Keeping Your Candles Lit
8 tips for maintaining your mental health this winter
Written by: Emma Driban, JFS Content Developer
As the days grow shorter and fall transitions into winter, it’s not unusual to feel a bit down. The cold weather and long nights mean less time in the sun and more time spent indoors. For many Americans, seasonal affective disorder (SAD) brings a new depth to winter’s darkness. SAD is a form of depression, usually experienced during late fall and winter, that impacts an estimated ten million Americans.
Some symptoms experienced by individuals with SAD include feelings of irritation, hopelessness, or worthlessness; changes in eating habits, like overeating or excessively craving carbohydrates; lack of energy or loss of interest in enjoyable activities and hobbies; or trouble with sleeping, either by experiencing insomnia or sleeping too much.
Whether you experience SAD or not, if you find yourself feeling low this winter, try some of these mental wellness tips.
1. STAY CONNECTED.
During the holiday season, not to mention the ongoing pandemic, it’s important to keep in touch with friends and loved ones. Isolation has a significant negative impact on mental health. Find ways to stay virtually connected or gather safely in person. Respect your social limits, but push yourself to leave the house every now and then.
2. TAKE A BREATH OF FRESH AIR.
Speaking of leaving the house, it’s been proven that short walks in nature can improve your mood. Take advantage of the limited sunlight and bundle up for a short walk. Set goals to go out a given number of times a week; walk around your neighborhood or the nearest park and soak in the health benefits of being in nature.
3. STAY ACTIVE.
If you can’t get outside, there are ways to exercise right in your own home. Plenty of health enthusiasts virtually share and guide you through their routines. Yoga, cardio, tai chi, and many other forms of exercise can be found on platforms like YouTube or could even be offered online through local athletic clubs or gyms.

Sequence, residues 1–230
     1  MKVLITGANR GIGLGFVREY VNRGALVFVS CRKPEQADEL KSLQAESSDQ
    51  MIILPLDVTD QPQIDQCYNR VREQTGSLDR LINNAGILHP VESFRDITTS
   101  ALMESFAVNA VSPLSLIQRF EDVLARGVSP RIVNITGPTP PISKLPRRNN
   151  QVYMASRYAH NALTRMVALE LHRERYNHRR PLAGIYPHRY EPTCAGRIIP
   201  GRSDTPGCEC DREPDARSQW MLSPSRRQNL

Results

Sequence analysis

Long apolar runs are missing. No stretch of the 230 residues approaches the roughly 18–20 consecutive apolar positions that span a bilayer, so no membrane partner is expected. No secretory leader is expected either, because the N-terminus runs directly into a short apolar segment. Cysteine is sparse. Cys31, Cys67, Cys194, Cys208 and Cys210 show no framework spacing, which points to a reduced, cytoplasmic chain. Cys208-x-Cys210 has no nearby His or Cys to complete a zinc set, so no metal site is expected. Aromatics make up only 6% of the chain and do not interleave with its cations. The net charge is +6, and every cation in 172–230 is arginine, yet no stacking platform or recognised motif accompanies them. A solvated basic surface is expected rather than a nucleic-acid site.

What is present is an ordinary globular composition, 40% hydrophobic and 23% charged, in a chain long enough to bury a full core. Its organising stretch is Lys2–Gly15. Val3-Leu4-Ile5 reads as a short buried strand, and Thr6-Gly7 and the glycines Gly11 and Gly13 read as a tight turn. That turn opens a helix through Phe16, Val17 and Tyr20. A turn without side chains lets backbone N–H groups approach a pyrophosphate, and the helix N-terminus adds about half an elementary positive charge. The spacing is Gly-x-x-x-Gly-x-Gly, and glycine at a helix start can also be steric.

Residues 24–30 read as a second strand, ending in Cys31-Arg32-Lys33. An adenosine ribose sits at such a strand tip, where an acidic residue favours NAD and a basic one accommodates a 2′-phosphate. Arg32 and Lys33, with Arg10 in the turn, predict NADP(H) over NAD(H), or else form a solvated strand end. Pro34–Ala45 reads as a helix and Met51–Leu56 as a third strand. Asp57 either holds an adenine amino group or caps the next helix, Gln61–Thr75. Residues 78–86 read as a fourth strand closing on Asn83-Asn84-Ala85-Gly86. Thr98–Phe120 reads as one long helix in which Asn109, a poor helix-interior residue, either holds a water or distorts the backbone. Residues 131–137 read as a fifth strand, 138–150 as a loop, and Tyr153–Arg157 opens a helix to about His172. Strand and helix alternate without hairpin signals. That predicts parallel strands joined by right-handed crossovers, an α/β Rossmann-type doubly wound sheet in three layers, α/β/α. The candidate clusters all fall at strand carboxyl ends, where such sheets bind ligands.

In addition to online exercise, virtually guided mediation is a great method to boost emotional and mental health. Meditation and mindfulness can work by changing how your brain reacts to stress and anxiety and help you return to focus when negative thoughts, emotions, or sensations intrude.
5. ADD AROMATHERAPY.
Using essential oils for therapeutic purposes, not only adds ambience to any activity, but has possible positive side effects for your mental health. Essential oils have the potential to influence the area of your brain responsible for controlling moods as well as the body’s internal clock which influences sleep and appetite.
6. CARE FOR PLANTS.
Caring for something small like a houseplant can add a small purposeful moment to your day. Studies prove that gardening can reduce feelings of depression.
7. MAKE A SCHEDULE AND STICK TO IT.
There are many benefits to creating a schedule for your daily activities. Eating at regular intervals can help avoid over- or under-eating. Setting designated times for exercise, especially walks outside, can expose you to natural daylight at consistent intervals. Overall, maintaining a schedule can help improve sleep, which might alleviate some symptoms of seasonal depression.
8. KEEP A JOURNAL.
Journaling is a great way to reflect on your day, prioritize life’s problems, acknowledge gratitude, and lift your mood. Many people view journaling as a way to get your negative feelings out of your system.
Trying any combination of these suggestions could help improve your mental health before, during, and after the winter season.
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